Java Platform, Enterprise Edition: The Java EE Tutorial

18.2 Creating WebSocket Applications in the Java EE Platform

The Java EE platform includes the Java API for WebSocket (JSR 356), which enables you to create, configure, and deploy WebSocket endpoints in web applications. The WebSocket client API specified in JSR 356 also enables you to access remote WebSocket endpoints from any Java application.

The Java API for WebSocket consists of the following packages.

  • The javax.websocket.server package contains annotations, classes, and interfaces to create and configure server endpoints.

  • The javax.websocket package contains annotations, classes, interfaces, and exceptions that are common to client and server endpoints.

WebSocket endpoints are instances of the javax.websocket.Endpoint class. The Java API for WebSocket enables you to create two kinds of endpoints: programmatic endpoints and annotated endpoints. To create a programmatic endpoint, you extend the Endpoint class and override its lifecycle methods. To create an annotated endpoint, you decorate a Java class and some of its methods with the annotations provided by the packages mentioned previously. After you have created an endpoint, you deploy it to an specific URI in the application so that remote clients can connect to it.


In most cases, it is easier to create and deploy an annotated endpoint than a programmatic endpoint. This chapter provides a simple example of a programmatic endpoint, but it focuses on annotated endpoints.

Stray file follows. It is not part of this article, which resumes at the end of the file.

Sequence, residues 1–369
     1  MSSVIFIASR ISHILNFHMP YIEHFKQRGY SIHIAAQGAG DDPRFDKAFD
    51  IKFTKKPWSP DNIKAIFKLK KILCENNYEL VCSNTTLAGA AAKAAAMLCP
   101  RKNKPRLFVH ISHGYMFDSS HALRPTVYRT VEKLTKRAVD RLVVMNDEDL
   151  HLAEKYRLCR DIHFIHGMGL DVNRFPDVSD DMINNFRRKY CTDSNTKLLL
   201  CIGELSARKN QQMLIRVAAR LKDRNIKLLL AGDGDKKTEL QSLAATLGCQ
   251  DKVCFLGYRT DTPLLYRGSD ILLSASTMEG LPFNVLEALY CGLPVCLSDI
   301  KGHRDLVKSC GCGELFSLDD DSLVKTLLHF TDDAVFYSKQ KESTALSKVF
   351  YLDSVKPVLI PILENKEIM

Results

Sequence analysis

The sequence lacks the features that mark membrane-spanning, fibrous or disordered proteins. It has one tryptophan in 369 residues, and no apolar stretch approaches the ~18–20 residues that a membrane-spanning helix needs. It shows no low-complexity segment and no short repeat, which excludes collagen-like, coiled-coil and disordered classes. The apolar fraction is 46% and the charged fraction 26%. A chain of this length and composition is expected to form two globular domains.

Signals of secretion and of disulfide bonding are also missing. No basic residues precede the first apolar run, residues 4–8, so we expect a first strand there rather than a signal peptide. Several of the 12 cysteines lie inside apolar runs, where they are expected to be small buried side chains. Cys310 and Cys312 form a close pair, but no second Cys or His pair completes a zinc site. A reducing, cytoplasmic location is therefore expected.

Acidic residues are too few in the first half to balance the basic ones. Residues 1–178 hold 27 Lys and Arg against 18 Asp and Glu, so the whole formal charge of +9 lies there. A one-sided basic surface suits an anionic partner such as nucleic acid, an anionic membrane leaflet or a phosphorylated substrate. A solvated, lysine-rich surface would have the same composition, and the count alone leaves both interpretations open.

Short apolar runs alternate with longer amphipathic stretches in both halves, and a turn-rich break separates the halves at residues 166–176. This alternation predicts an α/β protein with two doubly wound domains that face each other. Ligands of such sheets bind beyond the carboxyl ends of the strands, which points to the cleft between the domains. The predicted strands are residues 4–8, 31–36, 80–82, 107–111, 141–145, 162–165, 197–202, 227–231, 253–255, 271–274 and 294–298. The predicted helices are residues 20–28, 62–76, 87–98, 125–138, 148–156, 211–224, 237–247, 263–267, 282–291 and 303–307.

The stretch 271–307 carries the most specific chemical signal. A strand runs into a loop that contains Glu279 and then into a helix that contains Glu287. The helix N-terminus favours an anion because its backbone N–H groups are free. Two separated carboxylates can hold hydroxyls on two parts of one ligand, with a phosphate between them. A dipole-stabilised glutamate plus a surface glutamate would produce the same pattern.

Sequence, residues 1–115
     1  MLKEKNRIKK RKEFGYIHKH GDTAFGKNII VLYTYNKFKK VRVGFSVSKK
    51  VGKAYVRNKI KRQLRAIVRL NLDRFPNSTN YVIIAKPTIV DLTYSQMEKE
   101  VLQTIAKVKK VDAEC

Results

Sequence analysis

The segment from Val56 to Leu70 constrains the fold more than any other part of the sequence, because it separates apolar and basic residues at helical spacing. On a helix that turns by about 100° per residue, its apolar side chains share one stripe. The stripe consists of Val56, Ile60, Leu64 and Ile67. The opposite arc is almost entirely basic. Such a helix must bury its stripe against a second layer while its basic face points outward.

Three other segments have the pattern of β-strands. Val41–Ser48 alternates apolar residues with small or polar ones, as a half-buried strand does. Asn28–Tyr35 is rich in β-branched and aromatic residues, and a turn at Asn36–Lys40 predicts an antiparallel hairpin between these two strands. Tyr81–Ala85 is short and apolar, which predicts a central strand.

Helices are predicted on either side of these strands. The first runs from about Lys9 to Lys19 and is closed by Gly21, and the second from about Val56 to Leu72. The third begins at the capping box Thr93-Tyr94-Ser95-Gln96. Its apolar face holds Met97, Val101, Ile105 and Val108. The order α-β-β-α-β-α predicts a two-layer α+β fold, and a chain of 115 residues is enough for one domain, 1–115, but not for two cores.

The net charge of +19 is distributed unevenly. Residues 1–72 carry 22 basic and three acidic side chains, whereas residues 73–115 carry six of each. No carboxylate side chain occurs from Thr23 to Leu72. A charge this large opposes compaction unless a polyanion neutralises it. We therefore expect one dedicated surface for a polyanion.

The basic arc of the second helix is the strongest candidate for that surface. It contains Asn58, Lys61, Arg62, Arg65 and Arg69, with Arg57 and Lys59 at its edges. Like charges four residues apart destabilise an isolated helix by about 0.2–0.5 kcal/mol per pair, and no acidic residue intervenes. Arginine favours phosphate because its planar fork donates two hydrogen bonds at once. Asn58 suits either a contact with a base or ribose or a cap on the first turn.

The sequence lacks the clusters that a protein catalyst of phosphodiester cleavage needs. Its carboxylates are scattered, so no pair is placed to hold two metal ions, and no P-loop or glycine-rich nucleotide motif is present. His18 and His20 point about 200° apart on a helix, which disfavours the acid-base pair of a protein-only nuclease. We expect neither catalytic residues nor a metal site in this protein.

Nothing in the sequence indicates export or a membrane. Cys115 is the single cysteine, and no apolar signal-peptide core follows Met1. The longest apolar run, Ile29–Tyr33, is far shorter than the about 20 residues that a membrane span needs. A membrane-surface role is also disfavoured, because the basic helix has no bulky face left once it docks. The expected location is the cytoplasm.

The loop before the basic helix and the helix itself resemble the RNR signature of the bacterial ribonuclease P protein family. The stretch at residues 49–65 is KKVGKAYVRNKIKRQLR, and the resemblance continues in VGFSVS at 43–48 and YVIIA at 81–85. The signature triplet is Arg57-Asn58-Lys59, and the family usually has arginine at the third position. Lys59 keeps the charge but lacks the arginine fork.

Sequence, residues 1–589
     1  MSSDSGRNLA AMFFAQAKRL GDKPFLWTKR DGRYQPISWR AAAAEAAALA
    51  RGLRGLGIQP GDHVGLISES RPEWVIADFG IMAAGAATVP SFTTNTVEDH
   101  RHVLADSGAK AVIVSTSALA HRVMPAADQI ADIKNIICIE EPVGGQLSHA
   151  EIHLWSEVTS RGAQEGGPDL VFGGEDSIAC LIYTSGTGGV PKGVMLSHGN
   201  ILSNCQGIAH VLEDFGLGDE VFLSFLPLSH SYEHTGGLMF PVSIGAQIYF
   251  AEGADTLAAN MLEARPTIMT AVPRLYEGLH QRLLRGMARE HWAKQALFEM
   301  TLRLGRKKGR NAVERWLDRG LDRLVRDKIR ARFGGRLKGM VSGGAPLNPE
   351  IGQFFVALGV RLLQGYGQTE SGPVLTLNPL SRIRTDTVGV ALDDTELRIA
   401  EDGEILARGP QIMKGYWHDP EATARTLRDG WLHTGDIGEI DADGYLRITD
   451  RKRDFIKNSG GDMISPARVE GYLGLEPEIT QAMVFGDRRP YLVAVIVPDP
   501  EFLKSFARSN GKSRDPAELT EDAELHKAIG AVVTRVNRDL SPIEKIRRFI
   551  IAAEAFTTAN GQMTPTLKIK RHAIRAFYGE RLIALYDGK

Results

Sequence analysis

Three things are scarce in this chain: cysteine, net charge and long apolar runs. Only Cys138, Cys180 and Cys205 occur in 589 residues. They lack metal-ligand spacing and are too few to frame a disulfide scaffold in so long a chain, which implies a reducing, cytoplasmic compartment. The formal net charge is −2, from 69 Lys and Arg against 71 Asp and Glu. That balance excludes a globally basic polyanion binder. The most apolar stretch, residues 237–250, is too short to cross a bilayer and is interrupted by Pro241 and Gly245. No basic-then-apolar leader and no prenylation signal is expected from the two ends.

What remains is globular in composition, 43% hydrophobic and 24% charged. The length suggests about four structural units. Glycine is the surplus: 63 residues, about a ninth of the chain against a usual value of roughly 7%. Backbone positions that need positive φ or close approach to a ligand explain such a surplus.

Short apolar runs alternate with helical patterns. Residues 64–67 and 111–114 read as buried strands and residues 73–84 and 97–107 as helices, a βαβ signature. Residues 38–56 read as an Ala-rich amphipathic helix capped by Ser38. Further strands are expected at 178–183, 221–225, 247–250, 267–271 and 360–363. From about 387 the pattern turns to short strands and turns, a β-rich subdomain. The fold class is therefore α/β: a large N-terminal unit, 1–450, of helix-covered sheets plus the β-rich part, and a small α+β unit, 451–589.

The process for creating and deploying a WebSocket endpoint follows.

  1. Create an endpoint class.

  2. Implement the lifecycle methods of the endpoint.

  3. Add your business logic to the endpoint.

  4. Deploy the endpoint inside a web application.

The process is slightly different for programmatic endpoints and annotated endpoints, and it is covered in detail in the following sections.


As opposed to servlets, WebSocket endpoints are instantiated multiple times. The container creates an instance of an endpoint per connection to its deployment URI. Each instance is associated with one and only one connection. This facilitates keeping user state for each connection and makes development easier, because there is only one thread executing the code of an endpoint instance at any given time.
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